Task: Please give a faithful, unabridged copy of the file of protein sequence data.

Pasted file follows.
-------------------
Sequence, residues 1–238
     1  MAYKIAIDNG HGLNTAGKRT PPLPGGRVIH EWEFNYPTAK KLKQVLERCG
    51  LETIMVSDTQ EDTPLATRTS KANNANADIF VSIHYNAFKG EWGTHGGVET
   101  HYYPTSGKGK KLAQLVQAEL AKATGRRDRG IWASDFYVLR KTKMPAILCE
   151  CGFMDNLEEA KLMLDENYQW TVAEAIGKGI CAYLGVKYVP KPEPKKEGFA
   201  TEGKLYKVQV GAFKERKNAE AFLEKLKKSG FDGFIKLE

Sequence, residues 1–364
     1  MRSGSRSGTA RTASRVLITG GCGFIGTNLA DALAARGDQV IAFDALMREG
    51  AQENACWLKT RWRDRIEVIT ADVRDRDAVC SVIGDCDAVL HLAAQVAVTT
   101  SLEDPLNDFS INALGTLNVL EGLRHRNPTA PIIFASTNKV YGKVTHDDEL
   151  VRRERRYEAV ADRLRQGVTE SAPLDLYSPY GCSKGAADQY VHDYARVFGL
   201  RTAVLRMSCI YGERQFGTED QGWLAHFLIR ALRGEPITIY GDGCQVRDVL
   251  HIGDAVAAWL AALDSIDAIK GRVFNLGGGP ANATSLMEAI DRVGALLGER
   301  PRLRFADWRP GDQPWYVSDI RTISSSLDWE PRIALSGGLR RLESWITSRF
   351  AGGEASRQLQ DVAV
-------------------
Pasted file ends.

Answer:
Sequence, residues 1–238
     1  MAYKIAIDNG HGLNTAGKRT PPLPGGRVIH EWEFNYPTAK KLKQVLERCG
    51  LETIMVSDTQ EDTPLATRTS KANNANADIF VSIHYNAFKG EWGTHGGVET
   101  HYYPTSGKGK KLAQLVQAEL AKATGRRDRG IWASDFYVLR KTKMPAILCE
   151  CGFMDNLEEA KLMLDENYQW TVAEAIGKGI CAYLGVKYVP KPEPKKEGFA
   201  TEGKLYKVQV GAFKERKNAE AFLEKLKKSG FDGFIKLE

Sequence, residues 1–364
     1  MRSGSRSGTA RTASRVLITG GCGFIGTNLA DALAARGDQV IAFDALMREG
    51  AQENACWLKT RWRDRIEVIT ADVRDRDAVC SVIGDCDAVL HLAAQVAVTT
   101  SLEDPLNDFS INALGTLNVL EGLRHRNPTA PIIFASTNKV YGKVTHDDEL
   151  VRRERRYEAV ADRLRQGVTE SAPLDLYSPY GCSKGAADQY VHDYARVFGL
   201  RTAVLRMSCI YGERQFGTED QGWLAHFLIR ALRGEPITIY GDGCQVRDVL
   251  HIGDAVAAWL AALDSIDAIK GRVFNLGGGP ANATSLMEAI DRVGALLGER
   301  PRLRFADWRP GDQPWYVSDI RTISSSLDWE PRIALSGGLR RLESWITSRF
   351  AGGEASRQLQ DVAV